As I said in my previous article below, fitbit needed to make some improvements–AND, they did!
Fitbit is now much more comfortable to wear, tracks your heart rate, synchs much better with your phone and computer, and gives you more relevant feedback such as how well you’ve slept.
The app is still clunky when it comes to weight training but I bet they are working on that (at least I hope so).
I’m still not crazy about its friend function.
I prefer to remain anonymous online for many reasons but I really dislike that jeering button! It’s MEAN.
For those of you who love to compete with one another, this interface works great though again, it doesn’t distinguish walks to the bathroom from walks up steep inclines.
I have such admiration for technology that I know one day you’ll be able to snap a picture of the food you’ve eaten, strap on a wrist band, and know just how much movement at how hard of an intensity you’ll need to move to maintain, lose, or gain weight.
I bet it’ll be the next version!
I got a Fitbit for Christmas and have to say, I’m a bit more than disappointed.
When I heard the buzz about these fancy pedometers, and how some of my friends were racking up miles, burning calories and keeping track of all of it with their Fitbit, I was intrigued.
Now I’m not saying that the Fitbit does a bad job, in fact it is an excellent pedometer and catches every single step I make, but not a single squat, bicep curl, or push up.
In fact, I have worked out ferociously for 45 minutes only to look at my Fitbit telling me I acquired only a few thousand steps and that I wasn’t working out in what it considers the “very active” zone.
As I stood there with sweat blurring my vision, I swore. (Still working on that for my hubby, thankfully he wasn’t there to hear that outburst).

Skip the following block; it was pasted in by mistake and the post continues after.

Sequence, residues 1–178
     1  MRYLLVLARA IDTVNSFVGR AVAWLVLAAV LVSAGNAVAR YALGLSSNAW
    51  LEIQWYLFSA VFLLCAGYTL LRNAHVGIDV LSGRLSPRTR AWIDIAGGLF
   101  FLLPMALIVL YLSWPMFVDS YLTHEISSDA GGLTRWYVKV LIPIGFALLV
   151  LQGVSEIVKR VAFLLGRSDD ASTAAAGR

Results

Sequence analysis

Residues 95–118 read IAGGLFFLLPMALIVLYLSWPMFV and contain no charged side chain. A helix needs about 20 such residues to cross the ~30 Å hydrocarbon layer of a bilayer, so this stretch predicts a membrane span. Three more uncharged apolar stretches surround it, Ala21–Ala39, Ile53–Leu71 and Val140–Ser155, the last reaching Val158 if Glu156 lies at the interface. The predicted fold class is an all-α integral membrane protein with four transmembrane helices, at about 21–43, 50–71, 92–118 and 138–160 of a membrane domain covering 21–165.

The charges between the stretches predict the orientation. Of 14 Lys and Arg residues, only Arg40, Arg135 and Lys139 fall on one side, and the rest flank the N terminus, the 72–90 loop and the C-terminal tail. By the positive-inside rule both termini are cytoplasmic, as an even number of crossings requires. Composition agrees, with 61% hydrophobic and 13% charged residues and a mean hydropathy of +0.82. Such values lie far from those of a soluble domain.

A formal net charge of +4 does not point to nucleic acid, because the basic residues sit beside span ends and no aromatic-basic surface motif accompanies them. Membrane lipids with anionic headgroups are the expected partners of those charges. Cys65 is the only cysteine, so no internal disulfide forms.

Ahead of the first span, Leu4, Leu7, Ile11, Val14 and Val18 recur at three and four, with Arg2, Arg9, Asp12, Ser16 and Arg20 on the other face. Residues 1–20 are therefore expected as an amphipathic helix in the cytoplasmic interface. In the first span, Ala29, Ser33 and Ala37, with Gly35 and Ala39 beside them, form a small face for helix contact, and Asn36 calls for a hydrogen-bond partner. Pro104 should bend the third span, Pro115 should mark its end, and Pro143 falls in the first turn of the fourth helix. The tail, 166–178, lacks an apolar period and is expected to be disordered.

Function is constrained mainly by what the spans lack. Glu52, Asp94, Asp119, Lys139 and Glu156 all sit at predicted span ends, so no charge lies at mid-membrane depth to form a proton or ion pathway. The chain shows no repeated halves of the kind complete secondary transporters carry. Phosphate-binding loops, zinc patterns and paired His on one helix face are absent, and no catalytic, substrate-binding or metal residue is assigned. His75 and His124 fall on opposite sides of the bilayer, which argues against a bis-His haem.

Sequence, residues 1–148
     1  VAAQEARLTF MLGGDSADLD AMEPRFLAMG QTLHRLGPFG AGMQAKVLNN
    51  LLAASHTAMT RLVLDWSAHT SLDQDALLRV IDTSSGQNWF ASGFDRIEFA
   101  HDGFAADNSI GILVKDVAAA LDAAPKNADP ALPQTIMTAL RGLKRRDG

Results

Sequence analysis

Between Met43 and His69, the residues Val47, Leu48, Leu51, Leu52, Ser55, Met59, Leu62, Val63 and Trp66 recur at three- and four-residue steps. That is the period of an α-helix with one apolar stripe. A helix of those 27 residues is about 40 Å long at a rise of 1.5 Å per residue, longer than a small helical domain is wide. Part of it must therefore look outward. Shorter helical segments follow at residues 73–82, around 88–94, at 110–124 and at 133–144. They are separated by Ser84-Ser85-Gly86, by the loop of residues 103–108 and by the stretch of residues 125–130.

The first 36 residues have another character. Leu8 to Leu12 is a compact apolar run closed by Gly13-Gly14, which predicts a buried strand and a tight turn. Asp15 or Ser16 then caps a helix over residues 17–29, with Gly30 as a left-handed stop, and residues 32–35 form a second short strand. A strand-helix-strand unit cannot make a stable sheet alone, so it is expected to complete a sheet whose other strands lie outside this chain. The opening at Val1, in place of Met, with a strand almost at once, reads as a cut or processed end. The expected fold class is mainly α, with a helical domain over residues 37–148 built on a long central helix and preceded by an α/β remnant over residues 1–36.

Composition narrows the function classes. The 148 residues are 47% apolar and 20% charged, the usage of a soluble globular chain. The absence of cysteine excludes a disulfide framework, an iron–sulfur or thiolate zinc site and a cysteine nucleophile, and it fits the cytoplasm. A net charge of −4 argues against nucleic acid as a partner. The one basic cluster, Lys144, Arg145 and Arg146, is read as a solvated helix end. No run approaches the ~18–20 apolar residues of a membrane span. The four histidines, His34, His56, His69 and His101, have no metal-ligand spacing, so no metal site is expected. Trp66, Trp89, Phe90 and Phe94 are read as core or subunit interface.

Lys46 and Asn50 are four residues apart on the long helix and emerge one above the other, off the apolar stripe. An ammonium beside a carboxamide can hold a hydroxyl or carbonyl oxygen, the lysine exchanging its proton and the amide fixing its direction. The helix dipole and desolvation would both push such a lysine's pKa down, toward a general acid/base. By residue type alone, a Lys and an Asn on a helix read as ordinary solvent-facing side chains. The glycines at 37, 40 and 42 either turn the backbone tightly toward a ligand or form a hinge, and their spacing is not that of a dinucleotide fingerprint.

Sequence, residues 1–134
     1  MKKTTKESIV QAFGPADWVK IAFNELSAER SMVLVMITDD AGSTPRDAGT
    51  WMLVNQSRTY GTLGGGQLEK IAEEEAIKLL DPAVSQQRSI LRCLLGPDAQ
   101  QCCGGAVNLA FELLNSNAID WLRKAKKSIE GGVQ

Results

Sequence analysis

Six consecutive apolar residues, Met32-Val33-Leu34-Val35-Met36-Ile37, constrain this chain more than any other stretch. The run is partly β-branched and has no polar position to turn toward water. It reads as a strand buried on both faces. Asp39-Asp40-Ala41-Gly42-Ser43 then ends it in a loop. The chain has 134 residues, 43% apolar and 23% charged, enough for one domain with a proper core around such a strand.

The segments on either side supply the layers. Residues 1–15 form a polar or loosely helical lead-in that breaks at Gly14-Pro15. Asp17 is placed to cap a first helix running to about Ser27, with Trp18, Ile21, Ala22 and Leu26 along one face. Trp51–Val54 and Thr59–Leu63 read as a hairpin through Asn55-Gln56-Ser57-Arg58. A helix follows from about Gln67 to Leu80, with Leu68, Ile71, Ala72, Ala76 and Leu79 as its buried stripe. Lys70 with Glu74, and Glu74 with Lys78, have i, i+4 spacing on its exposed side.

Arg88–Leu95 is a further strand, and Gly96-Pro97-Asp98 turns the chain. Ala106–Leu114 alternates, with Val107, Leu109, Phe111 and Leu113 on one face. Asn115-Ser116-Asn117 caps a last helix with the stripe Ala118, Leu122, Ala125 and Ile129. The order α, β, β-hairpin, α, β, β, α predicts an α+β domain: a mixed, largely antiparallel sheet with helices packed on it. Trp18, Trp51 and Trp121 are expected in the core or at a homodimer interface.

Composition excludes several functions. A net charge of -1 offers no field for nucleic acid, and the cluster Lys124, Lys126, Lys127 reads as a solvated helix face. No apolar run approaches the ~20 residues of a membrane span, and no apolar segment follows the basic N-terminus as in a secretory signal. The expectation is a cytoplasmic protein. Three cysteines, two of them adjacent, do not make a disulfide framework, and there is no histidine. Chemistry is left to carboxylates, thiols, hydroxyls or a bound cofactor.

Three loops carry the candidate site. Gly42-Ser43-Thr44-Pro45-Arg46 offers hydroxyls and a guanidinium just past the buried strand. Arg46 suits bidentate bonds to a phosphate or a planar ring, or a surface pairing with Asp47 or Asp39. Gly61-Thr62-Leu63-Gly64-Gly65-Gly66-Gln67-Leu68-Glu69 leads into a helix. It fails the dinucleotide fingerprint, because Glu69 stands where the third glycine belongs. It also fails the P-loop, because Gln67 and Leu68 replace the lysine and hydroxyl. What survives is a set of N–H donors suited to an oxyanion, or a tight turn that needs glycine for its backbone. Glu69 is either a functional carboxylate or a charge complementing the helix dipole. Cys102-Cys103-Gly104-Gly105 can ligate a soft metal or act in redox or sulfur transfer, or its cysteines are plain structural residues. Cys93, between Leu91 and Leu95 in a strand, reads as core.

What do you mean I didn’t work out hard? Burpees, squats, overhead presses, bicep curls, triceps extensions and more for nearly an hour barely counted as anything.
When I went to log my workout, the Fitbit dashboard asked for some basic information on the activity but then asked me for how many calories I burned. Now if I knew that, I wouldn’t be bothering with the Fitbit! That’s when I realized the Fitbit isn’t what I wanted it to be.
As a pedometer it is excellent.
As a sleep depth informer, again excellent (btw, I am a good sleeper and an even better napper)
As a motivator to climb more stairs and keep moving, again, it is superb.
Its integration with smart phones is fantastic along with its integration with myfitnesspal food logging.
The wrist strap, in my opinion, is cheap and uncomfortable. Getting it to stay on and be at a comfortable length is difficult at best.
It doesn’t distinguish between 3 miles on the treadmill or 3 miles of long romantic walks to the refrigerator. Not all steps are of the same fitness value.
The “Friend” function is nice as it lets you compete against friends and/or strangers in your age group. BUT, the “taunt” feature is mean spirited. I’m not big into competition (the yogi in me I guess), but jeering your friends because maybe they forgot to recharge their Fitbit or took a day off OR SIMPLY DID A KILLER BIKE AND WEIGHT TRAINING DAY that doesn’t fair well on the Fitbit is at the very least, unkind.
What I Wanted the Fitbit To Be
Listen up app designers!
It needs to integrate a heart rate monitor so you know that you are working at a vigorous enough level when you are being given those “very active” minutes.
When you log in weight training etc. it needs to use your length of workout, the intensity of workout, body weight and age to suggest how many calories you burned instead of asking you what you think you burned – how the HECK (I really wanted to swear here) should I know?
Improve the wrist band to be more comfortable and user friendly.
In an ideal world, you could wear this little ditty on your wrist and have it tell you how much you have to move to work off the food you ate so you maintain a healthy balance. If it could magically determine what you’ve eaten that would be even better!
I guess we will have to wait to see if science can create that miracle!
I believe in miracles! One day I just know we will have that amazing technology. It’s just not the Fitbit (yet).
Overall, if you are looking to get motivated to move more and are willing to log your food and exercises, the Fitbit is very good at what it does. Honestly, seeing those steps add up or be very low, does get me to move more which is good no matter what.
Do you love your Fitbit? Why? Are you obsessing or competing with your Fitbit? Do you find this good or bad. I’d love to hear your experiences with Fitbit, UP, or any other pedometer. And, if you know where I can get my magical bracelet, be sure to share in the comments below!